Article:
4 min read


Why Do German Shepherds' Hair Stand Up



4 min read


Why Do German Shepherds' Hair Stand Up




Danny is very loyal. He follows you wherever you go and he listens to you when you ask him to do something. In fact, he is even protective over you when he feels like someone unsafe is around. Recently, Danny started to bark at a man at the park when you were walking him. Although the man did seem unsafe, you did not like that Danny barked at him and you noticed that the hair on his back stood up. Although this has never been concerning to you before, you now are a bit bothered by it and want to know why Danny has hair standing up on his back.

The Root of the Behavior

Danny is a German Shepherd who loves you unconditionally, even though some have told you that German Shepherds can be aggressive. You never thought Danny was an aggressive dog, but now you have noticed that his hair stands up on his back when he barks at others. Could this be a sign of aggression? It possibly could be, but it could also mean other things. In fact, it is just an emotional reflex reaction that is called piloerection and it is not that concerning because it is not a behavioral trait. This reflex is well-known in German Shepherds because they seem to behave in ways that may trigger this reflex. Yet, what behavioral tendencies are those? Aggression is one of them, but so is predatory behavior. If your dog is in a mode of protection or if they are aroused with anger, the hair on their back may stand up from their neck all the way down to their tail. 

It is common in any and all dogs that are loyal and protective, so there is no need to single out German Shepherds in this capacity. Secondly, your dog may have hair raise on his back because he is excited. Just as aggression provokes an emotional response in your dog, so does excitement. If your dog is happy to see you or if he is around other animals, he may have hair lift on his back. With that excitement, your dog may also have anxiety. If Danny meets a new friend, he may have hair raise on his back during the first minute or two because he is anxious about this new dog. But once he feels comfortable, the hair might fall back down. It is a completely normal response in your Danny. The amount of hair that stands up on your dog's back does not matter, so do not worry if more hair stands up during times of anger over times of anxiety.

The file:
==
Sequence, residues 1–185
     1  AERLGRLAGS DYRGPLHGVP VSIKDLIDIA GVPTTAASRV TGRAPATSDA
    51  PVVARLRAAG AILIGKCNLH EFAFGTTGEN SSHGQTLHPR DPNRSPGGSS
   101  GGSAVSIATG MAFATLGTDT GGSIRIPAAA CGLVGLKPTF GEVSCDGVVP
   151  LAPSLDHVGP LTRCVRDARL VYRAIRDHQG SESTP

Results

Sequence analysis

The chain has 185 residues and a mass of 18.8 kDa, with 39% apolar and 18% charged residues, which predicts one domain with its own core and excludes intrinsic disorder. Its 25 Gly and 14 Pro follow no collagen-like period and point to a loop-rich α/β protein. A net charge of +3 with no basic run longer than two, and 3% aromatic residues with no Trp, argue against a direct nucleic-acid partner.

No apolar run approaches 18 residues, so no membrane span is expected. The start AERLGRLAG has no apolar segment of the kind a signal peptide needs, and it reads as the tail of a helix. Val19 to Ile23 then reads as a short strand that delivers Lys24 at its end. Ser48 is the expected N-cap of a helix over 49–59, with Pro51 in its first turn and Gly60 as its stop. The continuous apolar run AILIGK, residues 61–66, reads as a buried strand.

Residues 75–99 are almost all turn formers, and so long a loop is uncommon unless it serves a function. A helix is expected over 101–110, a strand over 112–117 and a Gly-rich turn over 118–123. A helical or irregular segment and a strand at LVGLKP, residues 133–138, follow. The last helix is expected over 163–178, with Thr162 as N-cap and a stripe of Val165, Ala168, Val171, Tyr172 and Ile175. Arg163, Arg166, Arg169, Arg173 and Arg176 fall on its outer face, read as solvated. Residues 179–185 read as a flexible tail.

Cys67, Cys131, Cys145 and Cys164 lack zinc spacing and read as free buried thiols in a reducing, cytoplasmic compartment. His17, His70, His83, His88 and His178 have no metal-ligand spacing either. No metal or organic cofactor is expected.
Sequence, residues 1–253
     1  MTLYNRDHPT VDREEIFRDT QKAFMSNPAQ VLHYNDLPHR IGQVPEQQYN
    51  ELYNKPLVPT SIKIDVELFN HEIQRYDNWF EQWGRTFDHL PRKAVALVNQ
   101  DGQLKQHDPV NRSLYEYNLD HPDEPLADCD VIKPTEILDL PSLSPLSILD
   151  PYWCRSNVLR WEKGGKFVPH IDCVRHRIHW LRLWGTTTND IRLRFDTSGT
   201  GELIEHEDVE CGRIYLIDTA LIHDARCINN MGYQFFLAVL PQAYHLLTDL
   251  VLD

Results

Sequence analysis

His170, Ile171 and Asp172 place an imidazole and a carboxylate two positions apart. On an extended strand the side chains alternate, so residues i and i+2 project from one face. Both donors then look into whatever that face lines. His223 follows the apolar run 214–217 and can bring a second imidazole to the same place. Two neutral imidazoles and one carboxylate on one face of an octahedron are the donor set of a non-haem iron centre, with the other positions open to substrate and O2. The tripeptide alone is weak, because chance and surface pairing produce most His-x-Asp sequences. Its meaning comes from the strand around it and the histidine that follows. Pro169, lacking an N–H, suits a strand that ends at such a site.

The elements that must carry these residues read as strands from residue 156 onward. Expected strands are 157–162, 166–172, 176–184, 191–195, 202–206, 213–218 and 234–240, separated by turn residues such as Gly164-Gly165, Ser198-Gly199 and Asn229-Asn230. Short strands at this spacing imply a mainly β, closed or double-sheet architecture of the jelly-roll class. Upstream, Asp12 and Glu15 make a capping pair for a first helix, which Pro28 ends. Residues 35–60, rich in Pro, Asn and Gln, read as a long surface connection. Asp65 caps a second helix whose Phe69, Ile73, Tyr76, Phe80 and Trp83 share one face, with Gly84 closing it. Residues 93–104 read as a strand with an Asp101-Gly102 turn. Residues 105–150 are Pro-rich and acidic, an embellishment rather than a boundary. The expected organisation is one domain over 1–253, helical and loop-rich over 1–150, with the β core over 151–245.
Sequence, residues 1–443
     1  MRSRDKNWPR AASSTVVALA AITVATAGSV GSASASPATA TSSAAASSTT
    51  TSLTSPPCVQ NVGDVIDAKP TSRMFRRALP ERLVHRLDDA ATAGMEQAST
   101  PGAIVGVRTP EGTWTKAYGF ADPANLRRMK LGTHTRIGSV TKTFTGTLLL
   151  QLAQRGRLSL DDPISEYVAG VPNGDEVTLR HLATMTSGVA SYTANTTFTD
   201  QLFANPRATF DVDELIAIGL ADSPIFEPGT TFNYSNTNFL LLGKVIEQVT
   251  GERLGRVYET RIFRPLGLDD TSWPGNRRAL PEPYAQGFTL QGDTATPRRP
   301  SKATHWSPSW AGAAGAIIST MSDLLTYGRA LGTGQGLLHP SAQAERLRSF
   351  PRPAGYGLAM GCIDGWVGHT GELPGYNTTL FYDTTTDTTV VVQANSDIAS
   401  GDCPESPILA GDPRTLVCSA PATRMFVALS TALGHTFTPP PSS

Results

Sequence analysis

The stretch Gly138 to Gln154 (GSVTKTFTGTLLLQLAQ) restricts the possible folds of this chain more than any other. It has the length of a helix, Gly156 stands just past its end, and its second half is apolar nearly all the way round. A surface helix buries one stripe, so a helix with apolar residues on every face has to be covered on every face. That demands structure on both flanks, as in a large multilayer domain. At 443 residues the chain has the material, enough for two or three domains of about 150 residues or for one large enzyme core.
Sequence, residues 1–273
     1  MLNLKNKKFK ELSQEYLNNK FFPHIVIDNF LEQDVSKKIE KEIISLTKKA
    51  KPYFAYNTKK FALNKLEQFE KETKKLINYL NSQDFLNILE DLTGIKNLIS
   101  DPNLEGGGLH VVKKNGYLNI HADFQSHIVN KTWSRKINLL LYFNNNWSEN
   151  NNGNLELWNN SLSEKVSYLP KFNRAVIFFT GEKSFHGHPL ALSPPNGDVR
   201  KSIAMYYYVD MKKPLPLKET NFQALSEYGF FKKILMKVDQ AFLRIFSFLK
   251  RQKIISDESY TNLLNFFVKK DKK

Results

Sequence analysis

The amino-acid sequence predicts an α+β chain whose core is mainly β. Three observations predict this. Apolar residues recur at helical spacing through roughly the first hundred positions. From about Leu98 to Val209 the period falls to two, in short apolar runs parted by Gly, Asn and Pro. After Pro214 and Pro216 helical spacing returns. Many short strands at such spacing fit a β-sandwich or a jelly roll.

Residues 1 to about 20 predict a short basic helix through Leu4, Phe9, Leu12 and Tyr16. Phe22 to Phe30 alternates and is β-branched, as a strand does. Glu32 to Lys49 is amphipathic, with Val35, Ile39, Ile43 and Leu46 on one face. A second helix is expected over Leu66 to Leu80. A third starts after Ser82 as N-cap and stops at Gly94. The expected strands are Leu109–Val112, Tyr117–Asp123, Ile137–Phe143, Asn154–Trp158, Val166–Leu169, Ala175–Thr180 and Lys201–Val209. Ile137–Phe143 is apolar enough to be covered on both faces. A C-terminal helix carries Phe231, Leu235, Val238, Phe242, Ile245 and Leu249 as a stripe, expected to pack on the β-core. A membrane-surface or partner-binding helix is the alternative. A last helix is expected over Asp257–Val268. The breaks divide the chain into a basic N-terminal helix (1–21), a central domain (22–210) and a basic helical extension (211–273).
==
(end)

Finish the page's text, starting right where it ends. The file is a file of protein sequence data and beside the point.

Need advice about your pet's health?

Get answers fast from a veterinary professional 24/7 in the Wag! App.

Get Vet Chat

Encouraging the Behavior

It is important to remember that this piloerection reaction in your dog is not a behavioral trait. You will be able to see your dog's level of intensity in their emotional response by this reaction. If your dog is constantly barking or reacting to others in a negative way, you are definitely going to want to pay attention to the hair on your dog's back. If it happens frequently and things start to get out of control, it is recommended that you hire a behavioralist. Yet, sometimes this reaction is just a part of the canine nature and any bit of emotion can cause it whether that be anger, excitement, or even jealousy. 

German Shepherds are more prone to this reaction than other dogs because of how they are. In fact, you may see German Shepherds working with law enforcement and they are used for protection. Therefore, it is more likely that Danny may have hair raise on his back when he is in a defensive mode rather than a happy mode. You can also watch the hair on your dog's back for the location of where it raises. Most times, you will notice that the hair will raise on your dog's shoulders when they are angry over having hair raise along their whole back. 

Other Solutions and Considerations

You want to watch over Danny's behavioral traits. Watch to see how often he exudes aggression and anger over anxiety and excitement, and see how often the hair reacts on his back. You may want to also watch to see how much force he is exerting, if he is showing his teeth, or if he is intimidated. If things are out of control, you are going to need to train Danny. There is no harm in this piloerection if Danny is not exerting his anger, excitement, or fear towards those that are around him. It is also a wise idea to use positive reinforcement with your dog and show him that you are the alpha leader.


Regardless of the piloerection in Danny, he is a great and loyal dog. You could never imagine not having Danny around you because he makes your life that much better. Yet, you still want to make sure that Danny understands the boundaries of his actions, even though the piloerection is not the behavior that you may be worried about.

By a Golden Retriever lover Erika Seidel

Published: 04/26/2018, edited: 01/30/2020

What do you think?

Wag! Specialist
Does your pet have a supplement plan?

Learn more in the Wag! app

Five starsFive starsFive starsFive starsFive stars

43k+ reviews


© 2023 Wag Labs, Inc. All rights reserved.